2. MAKE ROOM FOR TWO
Built in needn’t have to mean an elaborate design, in fact as with most things, keeping things simple can sometimes be best when wondering how to work from home. And in the case of this study designed by Albion Nord, paring the room back to the essentials has created a calm atmosphere with plenty of space for two people to focus.
A wrap around desk design is ideal if more than one person in your household needs to work from home, as it helps make a useful surface out of otherwise potentially dead space. For a really smart and cohesive look, keep the material of the desk and any subsequent shelving the same. Camilla Clarke, Creative Director at Albion Nord, champions the use of natural materials and colours to create a space that invites comfort and concentration; ‘The walls and ceiling are painted the same rich green colour, cocooning the space and setting it apart from the rest of the home,' Camilla says. 'While antique bamboo folding chairs offer flexibility while also creating warmth alongside other natural textures.’
3. SLIDE TO HIDE
When space for a dedicated home office is lacking, it’s time to get creative. ‘A popular option is to incorporate a workspace into the design of a living room, kitchen or into the compact space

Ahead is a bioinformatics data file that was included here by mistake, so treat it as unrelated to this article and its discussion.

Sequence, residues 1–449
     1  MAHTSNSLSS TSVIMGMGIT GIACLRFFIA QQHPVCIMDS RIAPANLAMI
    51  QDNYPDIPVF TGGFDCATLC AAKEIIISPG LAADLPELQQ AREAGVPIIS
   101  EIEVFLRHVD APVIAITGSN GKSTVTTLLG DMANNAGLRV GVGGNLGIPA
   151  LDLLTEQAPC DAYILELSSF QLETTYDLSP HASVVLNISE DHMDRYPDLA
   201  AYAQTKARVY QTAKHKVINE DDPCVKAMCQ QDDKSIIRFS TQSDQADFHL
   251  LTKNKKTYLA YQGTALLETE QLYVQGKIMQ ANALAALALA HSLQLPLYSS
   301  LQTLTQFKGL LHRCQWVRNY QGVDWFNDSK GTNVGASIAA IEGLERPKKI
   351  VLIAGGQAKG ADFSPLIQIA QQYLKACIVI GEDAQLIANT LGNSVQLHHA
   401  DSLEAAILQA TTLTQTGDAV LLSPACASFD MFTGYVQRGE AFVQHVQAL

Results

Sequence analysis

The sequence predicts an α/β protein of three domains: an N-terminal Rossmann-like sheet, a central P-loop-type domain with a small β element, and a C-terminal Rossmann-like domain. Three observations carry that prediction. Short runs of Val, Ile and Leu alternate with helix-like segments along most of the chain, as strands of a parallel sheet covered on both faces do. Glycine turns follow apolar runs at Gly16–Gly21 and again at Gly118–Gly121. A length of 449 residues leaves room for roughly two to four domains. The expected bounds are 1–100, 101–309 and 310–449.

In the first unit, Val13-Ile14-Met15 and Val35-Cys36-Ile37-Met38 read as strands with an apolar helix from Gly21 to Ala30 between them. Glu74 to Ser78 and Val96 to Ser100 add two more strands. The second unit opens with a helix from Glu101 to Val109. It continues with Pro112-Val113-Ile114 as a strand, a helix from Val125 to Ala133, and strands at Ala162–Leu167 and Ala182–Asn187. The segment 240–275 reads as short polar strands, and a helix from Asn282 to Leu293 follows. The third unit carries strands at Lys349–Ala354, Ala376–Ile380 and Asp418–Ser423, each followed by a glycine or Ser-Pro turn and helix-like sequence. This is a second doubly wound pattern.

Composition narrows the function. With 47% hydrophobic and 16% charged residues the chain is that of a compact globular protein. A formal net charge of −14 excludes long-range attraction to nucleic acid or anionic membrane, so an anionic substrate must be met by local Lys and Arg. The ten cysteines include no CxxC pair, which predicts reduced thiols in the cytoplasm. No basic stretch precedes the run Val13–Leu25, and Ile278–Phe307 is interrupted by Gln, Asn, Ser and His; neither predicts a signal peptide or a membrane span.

under the stairs in a hallway,’ notes Roselind Wilson of Roselind Wilson Design. ‘This multi-functioning approach to designing spaces has become increasingly popular in today’s busy, family households where there are multiple demands on one room’.
But what happens when you want to switch off for the day? It can be difficult to leave the office behind if you can see it from your sofa as you’re trying to relax. Roselind Wilson offers an inspiring option; ‘When it comes to mastering the art of discretion for your desk, hiding it behind pocket sliding doors is an effective way to enhance the functionality of a room, while also enabling it to be closed away at the end of the day or concealed quickly if necessary, when guests arrive,’ she says. ‘Just be sure to take into account the overall design aesthetic of the room when creating this new space, as the hidden desk still needs to flow seamlessly within the space when the doors are open as well as closed’.